Finally get that promotion? Get exclusive content, tips and tools to help you excel.
Implicit bias occurs when individuals make judgments about people based on gender, race or other prohibited factors without even realizing they’re doing it.
Is your employee handbook keeping up with the changing world of work? With SHRM's Employee Handbook Builder get peace of mind that your handbook is up-to-date.
Build competencies, establish credibility and advance your career—while earning PDCs—at SHRM Seminars in 12 cities across the U.S. this spring.
#SHRM18 will expand your perspective – on your organization, on your career, and on the way you approach HR. Join us in Chicago June 17-20, 2018
Members may download one copy of our sample forms and templates for your personal use within your organization. Please note that all such forms and policies should be reviewed by your legal counsel for compliance with applicable law, and should be modified to suit your organization’s culture, industry, and practices. Neither members nor non-members may reproduce such samples in any other way (e.g., to republish in a book or use for a commercial purpose) without SHRM’s permission. To request permission for specific items, click on the “reuse permissions” button on the page where you find the item.
The current economic upswing is emboldening job seekers and challenging companies looking to retain top talent, according to a recent survey.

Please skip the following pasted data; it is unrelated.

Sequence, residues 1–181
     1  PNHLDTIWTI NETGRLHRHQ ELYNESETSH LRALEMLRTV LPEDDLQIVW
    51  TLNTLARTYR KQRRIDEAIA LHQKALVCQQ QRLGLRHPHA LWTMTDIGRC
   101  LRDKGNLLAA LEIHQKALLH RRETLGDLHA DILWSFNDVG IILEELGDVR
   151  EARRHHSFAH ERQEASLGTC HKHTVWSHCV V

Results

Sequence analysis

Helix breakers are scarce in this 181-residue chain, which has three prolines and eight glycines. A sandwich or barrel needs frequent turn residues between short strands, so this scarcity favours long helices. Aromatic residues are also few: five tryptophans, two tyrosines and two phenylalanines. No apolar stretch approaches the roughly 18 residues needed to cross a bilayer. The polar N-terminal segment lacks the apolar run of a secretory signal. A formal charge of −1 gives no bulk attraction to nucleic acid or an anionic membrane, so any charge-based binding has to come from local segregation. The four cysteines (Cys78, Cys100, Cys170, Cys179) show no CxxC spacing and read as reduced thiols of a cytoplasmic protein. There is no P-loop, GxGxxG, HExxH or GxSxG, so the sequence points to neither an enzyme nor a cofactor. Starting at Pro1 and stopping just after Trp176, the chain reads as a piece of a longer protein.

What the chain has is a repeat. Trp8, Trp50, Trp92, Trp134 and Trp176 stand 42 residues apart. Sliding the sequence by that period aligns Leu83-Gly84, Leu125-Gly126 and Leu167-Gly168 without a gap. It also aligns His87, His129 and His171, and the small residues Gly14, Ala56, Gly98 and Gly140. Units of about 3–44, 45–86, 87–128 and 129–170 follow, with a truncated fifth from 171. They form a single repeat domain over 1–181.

2015 Jobvite Job Seeker Nation Study, which measured 2,084 U.S. workers’ career attitudes in November 2014, asserts that the growing economy is putting job seekers back in the driver’s seat.
According to the Bureau of Labor Statistics, 2014 was the best year for jobs since 1999. Reflecting that positive trend, 60 percent of respondents said they are equally or more optimistic about job opportunities in 2015 compared to last year. The percentage of respondents who reported that it is more difficult to find a job has decreased to 35 percent, down from 61 in 2012.
The study’s findings indicate that job satisfaction is no guarantee of employee loyalty, as 45 percent of employees claiming to be satisfied in their current job are open to a new one. The largest age groups of those who said they were satisfied but open to new job possibilities were 18- to 29-year-olds (53 percent) and 30- to 39-year-olds (55 percent).
The industries with the most employees who reported being satisfied but open to new job options were health care (55 percent), IT (53 percent) and education (51 percent).
Over one-quarter (28 percent) of employed respondents consider their current position a “stepping stone,” with younger workers in particular viewing their jobs as temporary. This likely contributes to the finding that Millennials are twice as likely as those in their thirties, and four times as likely as those in their forties, to change jobs after just three years, according to Jobvite.
Other key findings include:
“Today, job seekers are using social and mobile to apply for jobs and gain insight into a company’s culture and values,” said Dan Finnigan, CEO of Jobvite. “Ignoring these platforms isn’t an option; companies must showcase their brand and be everywhere job seekers are.”
Roy Maurer is an online editor/manager for SHRM. Follow him
You have successfully saved this page as a bookmark.
Please confirm that you want to proceed with deleting bookmark.
You have successfully removed bookmark.
Please log in as a SHRM member before saving bookmarks.
Please sign in as a SHRM member before saving bookmarks.
Please purchase a SHRM membership before saving bookmarks.
An error has occurred
Recommended for you
SHRM Annual Conference & Exposition
SHRM’s HR Vendor Directory contains over 10,000 companies